When your manager compliments your performance, this helps you to understand what your manager cares about most. If they commended you for exceeding a deadline, this could be a sign that your manager pays special attention to the deadlines of their direct reports. Because they see deadlines as so important, they know the fact that you were so ahead of schedule as a sign of great work. 

Or maybe you received positive feedback on showing exceptional customer support. This could mean your manager pays close attention to how your team responds to and interacts with customers. 

6 Keep doing what you’re getting praise for!

You know the saying “don’t fix what isn’t broken”? The same applies here! If you notice you’re getting the same type of praise from managers, team leads, or even c-suite executives, keep doing what is working!

If the praise always centers around helping others on your team when they’re experiencing a bottleneck, then make yourself the go-to person when roadblocks happen. Or, if others are coming to you and praising how you handled a demanding customer, use those same tactics if you find yourself in a similar situation. 

Examples of how to respond to positive feedback at work

Now that you know the process of properly responding to a manager when you receive positive feedback or a compliment let’s work with some direct examples that correlate to how that feedback is given. 

In-person responses

When the feedback is given to you in person, you have no time to sit and think, so you’ll need to act and respond fast! It’s common to let our brains skip over the praise we’re receiving because we’re simply waiting for the follow-up that starts with “however…”.

Instead, remember to soak it all in and have a response ready. The length of your response will depend on the setting you’re in with your manager. If the feedback is given in passing, you’ll obviously want to keep it shorter. But, if it’s in a one-on-one meeting or performance appraisal, this gives you more time to respond and ask for more information.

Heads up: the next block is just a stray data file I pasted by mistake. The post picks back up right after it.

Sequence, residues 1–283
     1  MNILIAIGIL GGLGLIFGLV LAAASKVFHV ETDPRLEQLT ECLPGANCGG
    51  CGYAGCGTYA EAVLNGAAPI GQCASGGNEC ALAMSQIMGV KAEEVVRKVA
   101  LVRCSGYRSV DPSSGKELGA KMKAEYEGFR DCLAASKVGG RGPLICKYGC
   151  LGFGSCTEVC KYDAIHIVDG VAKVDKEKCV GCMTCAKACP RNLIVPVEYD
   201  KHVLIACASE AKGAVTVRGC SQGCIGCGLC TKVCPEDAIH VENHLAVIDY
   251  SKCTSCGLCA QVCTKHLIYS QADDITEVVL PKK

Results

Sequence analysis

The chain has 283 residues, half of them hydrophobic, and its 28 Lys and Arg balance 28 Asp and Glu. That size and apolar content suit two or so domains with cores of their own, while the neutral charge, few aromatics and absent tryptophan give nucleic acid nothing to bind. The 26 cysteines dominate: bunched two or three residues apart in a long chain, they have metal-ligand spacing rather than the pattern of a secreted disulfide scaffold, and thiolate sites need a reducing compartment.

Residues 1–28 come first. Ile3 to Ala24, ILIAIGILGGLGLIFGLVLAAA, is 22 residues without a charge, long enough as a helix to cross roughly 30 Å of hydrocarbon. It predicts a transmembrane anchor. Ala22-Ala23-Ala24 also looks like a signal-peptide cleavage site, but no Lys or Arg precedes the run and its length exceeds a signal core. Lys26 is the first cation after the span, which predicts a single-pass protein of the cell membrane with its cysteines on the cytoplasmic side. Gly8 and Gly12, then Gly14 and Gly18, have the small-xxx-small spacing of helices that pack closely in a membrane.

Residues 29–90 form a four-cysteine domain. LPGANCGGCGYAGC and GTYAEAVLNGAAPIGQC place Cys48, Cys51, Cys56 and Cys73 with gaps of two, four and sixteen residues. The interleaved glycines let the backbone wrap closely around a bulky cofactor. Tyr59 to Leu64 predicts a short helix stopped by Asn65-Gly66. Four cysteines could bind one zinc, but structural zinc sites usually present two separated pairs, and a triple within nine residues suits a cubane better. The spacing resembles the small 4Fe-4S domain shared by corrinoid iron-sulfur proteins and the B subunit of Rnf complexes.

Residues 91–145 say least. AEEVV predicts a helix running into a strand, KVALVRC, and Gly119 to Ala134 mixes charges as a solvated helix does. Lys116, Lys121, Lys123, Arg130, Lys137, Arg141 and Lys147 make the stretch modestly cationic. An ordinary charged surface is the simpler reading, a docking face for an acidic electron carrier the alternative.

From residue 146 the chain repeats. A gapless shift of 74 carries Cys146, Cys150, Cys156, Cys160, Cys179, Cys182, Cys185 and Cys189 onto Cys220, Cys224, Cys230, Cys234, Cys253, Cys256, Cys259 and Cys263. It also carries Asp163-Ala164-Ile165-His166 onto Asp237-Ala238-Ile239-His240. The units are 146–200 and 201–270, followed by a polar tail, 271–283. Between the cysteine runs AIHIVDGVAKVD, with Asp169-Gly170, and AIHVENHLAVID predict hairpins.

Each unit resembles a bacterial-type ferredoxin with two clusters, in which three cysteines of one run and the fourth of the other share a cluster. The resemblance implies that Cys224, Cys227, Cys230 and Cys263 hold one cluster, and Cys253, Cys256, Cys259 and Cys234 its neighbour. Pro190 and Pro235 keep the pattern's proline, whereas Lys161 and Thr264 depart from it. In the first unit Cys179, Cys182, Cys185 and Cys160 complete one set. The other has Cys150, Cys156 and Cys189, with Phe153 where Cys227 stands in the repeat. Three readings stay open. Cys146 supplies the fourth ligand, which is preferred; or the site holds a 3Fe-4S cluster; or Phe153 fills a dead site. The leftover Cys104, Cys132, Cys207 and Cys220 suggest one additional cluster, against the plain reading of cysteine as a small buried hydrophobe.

As mentioned, it’s essential to thank them for the feedback, let your manager know who this impacts you, and then clarify exactly what you did well. You could say something like:

“Thank you for acknowledging all of the time and effort I put into working on that project! I’m happy to hear this positive feedback, as it means a lot to me. Could you share further about what specifically about my performance went well, and if there’s anything I could improve on for future assignments? I want to make sure I have continued success working on other projects in the future.”

Written responses

Written feedback or compliments provide a little more leeway in terms of thinking of the perfect response. 

For instance, if it comes through via email, you can say something like:

“Thank you so much for the kind email. Finding it in my inbox was a great way to start my day! It really means a lot to know that my work was appreciated and that you see the impact it has within the organization. If you have the time and could elaborate, I’d love to get a better understanding from your perspective of which part of the projects you felt went well, why, and if there’s a way I can improve in the future.”

The same type of response can work if the feedback is given over instant messaging software, like Slack or Teams, or even if your manager drops a thank you note off at your desk. 

A much deserved pat on the back!

Accepting compliments can often make us feel awkward or uncomfortable, but responding to positive feedback is a breeze when you’re armed with the right things to say. Remember that you should feel proud of your hard work and happy that it isn’t going unnoticed! Don’t forget to document this positive feedback and use it to help leverage what you want in the future, whether it’s a promotion or raise!

Keep up the good work!